Crashes aren’t the Issue – the Responses of the State are
It is foolishly assumed that all is lost once the stock market crashes. People begin to look left and right for political saviours in hopes of reclaiming their fortunes, which they voluntarily invested knowing the consequences of such an action. As painful as some crashes and slumps may be in an economy, they are simply a fact of life and have been around since the early days of finance – the first one occurring in France thanks to a Scotsman named John Law.
Yet if we briefly look through history, one can see that, regardless of the size of the stock market crash, what really matters is the government’s response to it.
Hoover vs Harding & Coolidge
The most prominent example of such an occurrence is the stock market crash of 1929. When the stock market initially crashed, unemployment levels barely reached 10% and by the summer of 1930 were already down to around 6%. Compared to the roaring 20s, a figure of 6% sounds pretty high, but by today’s standards, especially in Europe, is incredibly low.
Yet the government simply could not let the market adjust itself. Herbert Hoover helped enact two policies which began the US’ road to the Great Depression. Firstly, he spent a good amount of time campaigning against lowering wages. In such hard times, if one were to merely follow the law of supply and demand he would see the fallacy in his argument – if an employer now has less money at his disposal due to the crash but still needs to pay his workers X amount, he can only accomplish this by employing less workers – subsequently increasing the unemployment rate.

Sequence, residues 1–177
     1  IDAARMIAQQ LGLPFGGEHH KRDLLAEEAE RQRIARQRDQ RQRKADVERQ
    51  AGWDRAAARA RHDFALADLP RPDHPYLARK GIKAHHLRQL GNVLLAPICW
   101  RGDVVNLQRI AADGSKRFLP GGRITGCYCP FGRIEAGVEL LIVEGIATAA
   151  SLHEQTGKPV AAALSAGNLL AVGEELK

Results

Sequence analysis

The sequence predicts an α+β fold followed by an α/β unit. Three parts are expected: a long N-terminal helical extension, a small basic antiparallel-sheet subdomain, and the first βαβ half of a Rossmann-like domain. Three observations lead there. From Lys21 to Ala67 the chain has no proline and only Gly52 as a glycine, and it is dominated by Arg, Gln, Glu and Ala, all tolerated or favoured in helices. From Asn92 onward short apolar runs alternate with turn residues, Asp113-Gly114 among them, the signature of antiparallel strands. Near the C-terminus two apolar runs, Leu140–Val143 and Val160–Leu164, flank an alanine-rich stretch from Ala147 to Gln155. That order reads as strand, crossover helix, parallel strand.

Secondly, the Smoot-Hawley tariff act was passed in the summer of 1930, despite a petition against it being signed by 1200 leading economists of the time, which placed import tariffs on 20,000 goods in the hopes of raising revenue. The end result? The unemployment rate never fell below double digits for the next decade. Hoover’s response was significant as it laid the foundation for the New Deal, which exacerbated the crisis even further. Had Hoover done nothing in 1929 and 1930, chances are that the roaring 20s would’ve continued into the 1930s and FDR would’ve stuck to his campaign promises if he were to be elected.
In sharp contrast, ten years prior to Hoover’s attempt to save the economy, Warren Harding faced a similar situation. As a result of the war, the United States was facing massive economic problems – including unemployment and anti-business measures such as high taxes. What most history books do not teach in school is that 1921 had a depression, too, but a very short one. Instead of attempting to fix the economy with all sorts of government directives and additional regulations, Harding did the opposite – he slashed taxes, cut the budget in half and deregulated the economy.
This set the tone for the next decade, which thanks to president Calvin Coolidge’s and Secretary of Treasury Andrew Mellon’s laissez-faire policies, created the famous roaring 20s – arguably the most prosperous period for the average American citizen. The Revenue Acts of 1921, 1924 and 1926 greatly reduced the tax rates in the country and helped it recover from the most devastating event humanity had hitherto seen – the Great War.
Britain vs Hong Kong in 1945